How To Use The Travel Magazine Database To Power Up Your Pitches Transcript

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What I’m going to talk about today is not just how to use the Travel Magazine Database. I’m going to talk about some pitching best practices and really why we created the database in the first place, so that you understand how it exists to help you pitch. So, if you don’t already have database access, either because you haven’t set up your trial or you haven’t purchased it yet, don’t worry, I’m going to show it to you and walk through it.

If you’re not interested in purchasing the database, and you just want to know how to make your pitches better, we’re also going to be talking about that. So, that’s great. But if you don’t have it yet, you’ll certainly be able to follow along. So, today, we’re going to talk about how to use the Travel Magazine Database to power up your pitches. And I’m going to talk a little bit more about why we created it, but really, the Travel Magazine Database is something that sometimes I send people invites for a free trial, and they’re like, “What are you selling?”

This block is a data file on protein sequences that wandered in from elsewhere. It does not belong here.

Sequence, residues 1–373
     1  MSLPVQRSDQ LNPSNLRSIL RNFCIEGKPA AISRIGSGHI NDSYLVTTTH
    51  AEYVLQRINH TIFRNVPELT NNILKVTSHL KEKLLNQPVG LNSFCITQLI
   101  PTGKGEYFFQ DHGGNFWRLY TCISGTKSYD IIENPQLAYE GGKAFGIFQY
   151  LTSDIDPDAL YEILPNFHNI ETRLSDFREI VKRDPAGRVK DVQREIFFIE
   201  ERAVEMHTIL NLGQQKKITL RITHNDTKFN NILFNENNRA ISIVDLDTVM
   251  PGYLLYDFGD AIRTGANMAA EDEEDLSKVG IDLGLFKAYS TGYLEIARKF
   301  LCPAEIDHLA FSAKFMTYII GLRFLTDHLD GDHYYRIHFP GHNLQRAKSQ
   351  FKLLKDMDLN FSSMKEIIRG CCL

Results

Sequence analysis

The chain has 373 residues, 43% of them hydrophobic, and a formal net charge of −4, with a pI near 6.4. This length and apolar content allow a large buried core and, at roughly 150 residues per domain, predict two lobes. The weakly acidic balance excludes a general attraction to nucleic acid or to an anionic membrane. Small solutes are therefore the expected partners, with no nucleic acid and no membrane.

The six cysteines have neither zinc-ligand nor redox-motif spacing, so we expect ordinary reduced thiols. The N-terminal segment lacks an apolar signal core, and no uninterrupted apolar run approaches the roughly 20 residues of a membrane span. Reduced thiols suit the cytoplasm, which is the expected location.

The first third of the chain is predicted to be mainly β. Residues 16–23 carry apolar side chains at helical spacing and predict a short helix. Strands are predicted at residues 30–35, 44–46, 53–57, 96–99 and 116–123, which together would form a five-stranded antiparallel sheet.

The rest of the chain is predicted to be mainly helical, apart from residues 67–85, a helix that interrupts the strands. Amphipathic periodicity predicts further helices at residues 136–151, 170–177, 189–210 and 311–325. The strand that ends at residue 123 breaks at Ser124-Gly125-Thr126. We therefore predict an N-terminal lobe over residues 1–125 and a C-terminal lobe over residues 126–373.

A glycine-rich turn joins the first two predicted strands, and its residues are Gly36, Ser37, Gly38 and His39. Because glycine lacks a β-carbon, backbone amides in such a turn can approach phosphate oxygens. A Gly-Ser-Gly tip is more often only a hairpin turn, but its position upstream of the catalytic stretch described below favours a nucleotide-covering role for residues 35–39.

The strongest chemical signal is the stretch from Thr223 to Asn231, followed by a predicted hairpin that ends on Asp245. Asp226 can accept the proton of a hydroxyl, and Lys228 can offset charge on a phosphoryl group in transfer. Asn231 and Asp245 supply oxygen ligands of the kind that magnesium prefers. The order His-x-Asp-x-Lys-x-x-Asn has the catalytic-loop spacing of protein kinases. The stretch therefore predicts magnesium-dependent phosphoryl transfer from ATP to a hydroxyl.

I think it’s really funny because we fund this. We spend quite a lot of money paying our writers their desired rates to write these entries for us. And so, at the moment, it’s really something that we do kind of almost as charity for the community. And so, it really is about you guys. And if there’s stuff that you’re confused about or that you want to see in there, let us know, and we will always try to make that happen. So, today, specifically, we’re going to talk about where are the magazines hiding.

One of the ways that a lot of people already use the database is just to find new magazines, but there’s a lot more that you can do with it, but we’re going to start with that. And then we’re going to talk about how in your pitches to make sure you’re getting a very solid match. So, I often hear from people who pitch a lot, who have perhaps been writing for a long time, but have a very low not just response rate, but particularly acceptance rate.

This is not something that I’ve ever struggled with. And so, when people started asking me to coach them in travel writing, I was really intrigued when I heard people were getting low response rates. And then when I started looking at people’s pitches, I understood a lot of people aren’t pitching something that the magazine could use. So, we’re going to talk about that in the setting of the database and also generally.